There you are, enjoy the view! It can feel a bit crowded at the top, because the summit area is not very spacious. Just pick a smoother rock to sit down, eat a few bites, then carry on. Many people will turn back from Pump Peak, so you’ll find more solitude as you go further. Don’t turn back, it’s worth continuing the trail.
Tim Jones Peak
After dropping down from the Pump Peak summit, you’ll descend further beside another tarn. This is one of those descents when you’re very well aware that you’ll climb back again and further – and that’s exactly what happens. A steep gully leads up to the south side of Tim Jones Peak.
Reaching the peak means a short detour, and a sign indicates the way quite clearly. Take this detour, because it rewards you with amazing views, including Mount Seymour Peak itself, but also countless more mountain peaks and the entire region.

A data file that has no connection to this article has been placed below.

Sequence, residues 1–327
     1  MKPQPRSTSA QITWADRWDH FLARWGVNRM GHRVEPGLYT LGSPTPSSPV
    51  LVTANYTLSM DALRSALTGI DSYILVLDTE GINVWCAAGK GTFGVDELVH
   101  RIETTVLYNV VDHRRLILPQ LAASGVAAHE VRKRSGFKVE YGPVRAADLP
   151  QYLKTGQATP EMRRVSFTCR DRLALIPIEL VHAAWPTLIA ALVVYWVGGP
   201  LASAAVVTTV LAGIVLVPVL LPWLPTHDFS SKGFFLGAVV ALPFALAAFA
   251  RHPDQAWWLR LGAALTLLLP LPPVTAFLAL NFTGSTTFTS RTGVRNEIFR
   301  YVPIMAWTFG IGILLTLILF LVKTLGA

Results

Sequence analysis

Once you had enough of the views (or took enough pictures), head back to the information board.
Mt Seymour Peak
As you continue further on Mount Seymour trail, you’ll drop down again. It’s a bit technical, with a steep rock face and a narrow path, but most hikers can manage it with care. Just be patient, because this part of the trail is single file.
As you’d expect the trail starts to climb up soon. You need to get yourself up another rock face before the final ascent to the Mount Seymour summit. Follow the markers in a narrow gully on the south side of Mount Seymour. It won’t take long to enjoy the result of your hard work: unobstructed, 360 degree views from the summit.
From Mount Seymour Peak you can see all the North Shore summits and also get distant views of further peaks, like Mount Garibaldi or Mount Baker. Sorry, I can’t name a few dozen of the other peaks, even counting all of them is a challenge – but this is only to say that you’ll enjoy an extraordinary panorama.
This is also a very spacious summit, so you’ll find plenty of space to relax and enjoy the views, even if it’s busy. Finally, you return to the trailhead the same way.